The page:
Analysis | The election environment in minority areas of Georgia is getting worse

8 April 2019

Post-election polling by CRRC-Georgia suggests that not only are elections most problematic in Georgia’s ethnic minority regions, they are also getting worse.

The 2018 presidential elections, and particularly, the events surrounding the second round, have come to be considered a setback for Georgia’s democratic trajectory. Between the first and second round, it was announced that 600,000 voters would have debt relief immediately following the elections, leading some to suggest this was a form of vote buying. A number of instances of electoral fraud were also alleged. The use of party coordinators around election precincts was also widely condemned.

Elections in minority regions have generally been worse in quality than in ethnic Georgian populated regions. Some statistical evidence suggests irregular voting behaviour if not fraud in these regions. Moreover, these regions of the country consistently vote for whoever is in power.  

The situation appears to be getting worse, at least when compared with the parliamentary elections of 2016.

CRRC-Georgia and the National Democratic Institute’s 2016, 2017, and 2018 post-election polling asked voters, ‘Thinking back to the situation when you voted in the polling station/place (either in the 1st or 2nd round), please say whether you agree or disagree with the following?’

  • It was well ordered;
  • It was overcrowded;
  • It was intimidating;
  • The election officials were well prepared.

Respondents were also asked whether they noticed party coordinators around the polling station asking for personal information.

The results suggest that people in predominantly minority settlements were about three times more likely to report seeing party coordinators collecting personal information outside polling places. People in minority areas were 2.5 times as likely to report that the polling place was intimidating and four times more likely to report the polling station was overcrowded. They were 14 percentage points less likely to report that election officials were well prepared, and 13 percentage points less likely to report that the polling place was well ordered.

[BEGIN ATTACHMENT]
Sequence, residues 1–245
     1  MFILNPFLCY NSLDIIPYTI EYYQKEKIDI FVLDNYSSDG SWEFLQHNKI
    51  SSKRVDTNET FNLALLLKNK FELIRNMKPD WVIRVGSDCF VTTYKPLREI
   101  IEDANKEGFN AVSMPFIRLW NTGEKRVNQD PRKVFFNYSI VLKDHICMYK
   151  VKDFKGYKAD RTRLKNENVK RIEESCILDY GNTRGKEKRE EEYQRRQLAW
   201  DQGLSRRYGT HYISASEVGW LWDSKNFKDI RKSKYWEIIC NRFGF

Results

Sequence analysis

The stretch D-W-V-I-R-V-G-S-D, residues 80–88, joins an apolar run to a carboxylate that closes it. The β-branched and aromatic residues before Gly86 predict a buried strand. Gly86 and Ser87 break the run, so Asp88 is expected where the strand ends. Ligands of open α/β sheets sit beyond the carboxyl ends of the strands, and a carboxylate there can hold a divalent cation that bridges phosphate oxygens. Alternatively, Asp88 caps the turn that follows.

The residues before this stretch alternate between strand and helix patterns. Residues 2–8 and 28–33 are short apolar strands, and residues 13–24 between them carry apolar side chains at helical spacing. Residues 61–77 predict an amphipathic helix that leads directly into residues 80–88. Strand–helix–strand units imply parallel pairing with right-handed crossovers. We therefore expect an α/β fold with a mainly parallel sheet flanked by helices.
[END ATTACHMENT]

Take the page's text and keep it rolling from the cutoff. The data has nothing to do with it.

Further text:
All respondents were also asked ‘Please tell us whether [each of the following] occurred or not during the election process’:

  • People voting more than once (including carousel voting);
  • Intimidation of voters or party representatives;
  • Use of administrative resources to benefit a campaign;
  • Bribing of voters;
  • Pressure to donate or not donate to certain candidate/party;
  • Mobilising state employees to participate in campaign/vote for a certain candidate;

A similar pattern as the above holds with these questions, with respondents consistently reporting most of the above problems more often in predominantly minority settlements than in ethnic Georgian settlements. The only activity which was not reported more often (statistically) in minority settlements than ethnic Georgian ones was putting pressure on people to donate.

The data suggest that problems with elections in minority regions are on the rise. The share of individuals in predominantly minority settlements reporting that the polls were intimidating more than tripled between 2016 and 2018. The share reporting it was overcrowded more than doubled between 2016 and 2018. The share of individuals in predominantly minority settlements reporting that the election precinct was well ordered also declined between 2016 and 2017.  

In predominantly ethnic Georgian settlements, there was a decline between 2017 and 2018 in terms of how well prepared election officials were perceived to be. There was also a slight decline in terms of people reporting that the polling station was overcrowded. However, there was no change in the share reporting it was well ordered or intimidating.

The 2018 elections had problems. While the conduct of elections in predominantly minority areas in Georgia has been historically problematic, these problems appear to have gotten worse, at least by comparison to the elections in 2016 and 2017.

Dustin Gilbreath is the Deputy Research Director of CRRC-Georgia. The views presented in this article do not necessarily represent the views of CRRC-Georgia. The views presented in this article do not represent the views of the National Democratic Institute or any related entity.

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